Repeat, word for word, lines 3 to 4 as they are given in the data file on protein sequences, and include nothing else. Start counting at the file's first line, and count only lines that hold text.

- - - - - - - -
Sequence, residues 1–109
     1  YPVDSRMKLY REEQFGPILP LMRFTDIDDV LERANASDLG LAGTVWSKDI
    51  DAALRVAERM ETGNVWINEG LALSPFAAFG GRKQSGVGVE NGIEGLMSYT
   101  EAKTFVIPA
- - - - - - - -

    51  DAALRVAERM ETGNVWINEG LALSPFAAFG GRKQSGVGVE NGIEGLMSYT
   101  EAKTFVIPA